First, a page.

A Complete Guide To Scuba Diving In India (An Underrated Dive Destination)

A Complete Guide To Scuba Diving In India (An Underrated Dive Destination)

It’s no secret: India is a mystical nation of natural wonders, diverse culture, lively Bollywood entertainment, saris, swamis, sunshine, and spices. With its perfect blend of cultural awe, unique cuisine, busy cities, laid-back countryside, marvelous mountains, amazing waterfalls, and stunning beach destinations, the country has enchanted travelers for millennia. What many globetrotters don’t know, however, is this: a vibrant planet bustles beneath the waters in and around India — and divers nationwide and globally have begun to take notice.


While India has always hosted breathtaking shores and idyllic islands pulsating with marine life around its vast coastlines, only in recent times has this enormous country become a known scuba diving destination. India’s coastline extends for almost 8,000 kilometers, meaning masses of marine worlds abound — some mere steps from the shores, others more remote and far away from the mainland’s infectious energy. Sure, most of the top attractions in India (as well as its plentiful hidden gems and lesser-known spots) are packed within its 3.3 million square kilometers of land. Below sea level, however, just as many (if not even more) breathtaking sights and experiences beckon.

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Ideal for experienced divers and beginners alike, India is fast earning a hold among the best places to dive in South Asia, despite having remained a vastly underrated diving destination for so long. Any underwater enthusiasts seeking to discover its waters themselves are in luck; this complete guide to scuba in India delivers the full rundown, spilling the juicy knowledge on where to dive in India, the top dive sites India has to offer, and how to dive and reach each spot.

Where Can You Go Scuba Diving In India?

Most of India’s best dive sites are situated in four main areas (along with a few smaller spots). These four major destinations are Goa, Pondicherry, the Andaman Islands, and the Lakshadweep Islands, while Netrani Island in the Arabian Sea and Kovalam in the Indian state of Kerala are two other destinations worthy of a mention.

The following part of this India diving guide will summarize India’s top dive destinations first before going into much greater detail regarding each location in subsequent sections.

The Best Places To Dive In India

A summary of the best dive sites in India is as follows:

  • Goa — located on India’s west coast, Goa (famed for its beautiful beaches) is the smallest and richest state on this side of the country. It grants travelers access to the Arabian Sea and its various islands. Typically, dive sites in Goa include lush coral gardens, dramatic pinnacles, and several shipwrecks.
  • Pondicherry — situated on the east coast of India, Pondicherry boasts pristine and mostly unexplored reefs, as well as numerous wrecks.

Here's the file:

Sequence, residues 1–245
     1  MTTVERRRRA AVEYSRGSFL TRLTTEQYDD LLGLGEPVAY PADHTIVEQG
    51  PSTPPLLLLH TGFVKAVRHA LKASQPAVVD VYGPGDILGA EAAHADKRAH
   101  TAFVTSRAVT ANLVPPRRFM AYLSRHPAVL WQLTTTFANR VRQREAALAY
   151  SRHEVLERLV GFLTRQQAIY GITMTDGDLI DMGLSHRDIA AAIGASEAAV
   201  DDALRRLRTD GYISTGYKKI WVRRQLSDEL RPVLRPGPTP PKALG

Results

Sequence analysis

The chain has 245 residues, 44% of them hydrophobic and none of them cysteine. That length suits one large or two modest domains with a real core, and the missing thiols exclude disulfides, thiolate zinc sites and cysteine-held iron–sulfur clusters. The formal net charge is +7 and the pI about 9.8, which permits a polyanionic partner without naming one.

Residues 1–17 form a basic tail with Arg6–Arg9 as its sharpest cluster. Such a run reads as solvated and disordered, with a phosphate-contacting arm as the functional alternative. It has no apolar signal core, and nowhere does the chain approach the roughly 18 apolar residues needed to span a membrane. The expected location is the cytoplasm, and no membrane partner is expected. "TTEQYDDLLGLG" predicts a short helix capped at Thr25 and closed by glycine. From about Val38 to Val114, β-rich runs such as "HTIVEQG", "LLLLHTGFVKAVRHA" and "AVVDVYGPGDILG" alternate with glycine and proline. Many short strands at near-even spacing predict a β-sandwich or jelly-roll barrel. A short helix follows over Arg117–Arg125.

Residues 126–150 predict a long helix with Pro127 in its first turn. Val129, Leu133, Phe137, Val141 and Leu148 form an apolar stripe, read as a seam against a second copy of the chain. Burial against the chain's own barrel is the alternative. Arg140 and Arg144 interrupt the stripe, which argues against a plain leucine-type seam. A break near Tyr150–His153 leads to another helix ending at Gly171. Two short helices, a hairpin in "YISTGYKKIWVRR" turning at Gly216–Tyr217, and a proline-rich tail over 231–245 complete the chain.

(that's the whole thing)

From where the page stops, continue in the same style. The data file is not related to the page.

• Andaman Islands — set in India’s far east nearer the coast of Thailand, these stunning islands offer many dive areas, with popular spots including Nicobar, Narcondam, the Barren Islands, and Havelock Island — the “dive capital” of the Andamans.
  • Lakshadweep Islands — a remote archipelago to the southwest of India’s mainland. Located toward Mauritius and a short distance above the Maldives, these islands offer similar diving to the latter, entailing colorful reefs, fun swim-throughs, overhangs, and plenty of big fish action.
  • Netrani Island — Set in the Arabian Sea just off the coast of Murudreshwar city, the heart-shaped Netrani Island offers a teeming coral reef chock-full of vibrant fish and occasional encounters with big species.
  • Kovalam, Kerala — this small coastal town in the south of India is a popular dive destination in Kerala, just south of Thiruvananthapuram. It boasts hordes of rich sea life and long-standing dive operators.

Related: A Study Has Revealed The World’s Best Snorkeling Destinations

The Best Scuba Diving Destinations In India: A Complete Guide To Each Area

For travelers seeking in-depth (terrible pun, sorry, not sorry) information on the best dive sites India has to offer underwater enthusiasts, both beginner and seasoned, the following sections cover everything divers need to know.

Every section discusses each destination summarized above, explaining popular dive spots within each destination, how to get to each one, and how to dive in each area.

Scuba Diving In Goa

Goa is one of the best places for scuba diving in India for several reasons: the climate is tropical, the dive sites are accessible, marine life is bustling, and diving is very affordable (much like the local beer) — especially for those intending to do their Open Water Diver certification (the first diving qualification on the scuba ladder).

Goa’s most popular dive sites are a short boat trip from Panaji city. Although Goa is famed for being a tropical haven, divers can’t expect typical tropical waters with crystal-clear visibility.

The Arabian Sea is warm and full of life; however, it’s not a millpond. Goa’s diving quality is good, but the visibility isn’t known for going beyond ten meters (33 feet) for the most part.

Still, Goa’s dive sites (and its diving scene in general) are renowned for being fun rather than life-changing aquatic realms.

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In between touring the historic Old Goa and sipping beers on the laid-back, beach-shack-peppered sandy shores, a handful of interesting Spanish and Portuguese wrecks beckon divers, as well as many other entertaining sites.